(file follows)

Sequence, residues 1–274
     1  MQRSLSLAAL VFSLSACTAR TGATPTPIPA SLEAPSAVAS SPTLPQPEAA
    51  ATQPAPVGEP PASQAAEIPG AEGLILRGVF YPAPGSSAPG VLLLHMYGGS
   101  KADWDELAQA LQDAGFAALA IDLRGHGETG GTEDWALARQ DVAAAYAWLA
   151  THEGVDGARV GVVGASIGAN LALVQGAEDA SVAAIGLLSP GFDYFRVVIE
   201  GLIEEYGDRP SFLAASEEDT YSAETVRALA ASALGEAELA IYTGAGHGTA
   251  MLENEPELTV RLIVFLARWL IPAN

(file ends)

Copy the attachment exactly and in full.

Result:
Sequence, residues 1–274
     1  MQRSLSLAAL VFSLSACTAR TGATPTPIPA SLEAPSAVAS SPTLPQPEAA
    51  ATQPAPVGEP PASQAAEIPG AEGLILRGVF YPAPGSSAPG VLLLHMYGGS
   101  KADWDELAQA LQDAGFAALA IDLRGHGETG GTEDWALARQ DVAAAYAWLA
   151  THEGVDGARV GVVGASIGAN LALVQGAEDA SVAAIGLLSP GFDYFRVVIE
   201  GLIEEYGDRP SFLAASEEDT YSAETVRALA ASALGEAELA IYTGAGHGTA
   251  MLENEPELTV RLIVFLARWL IPAN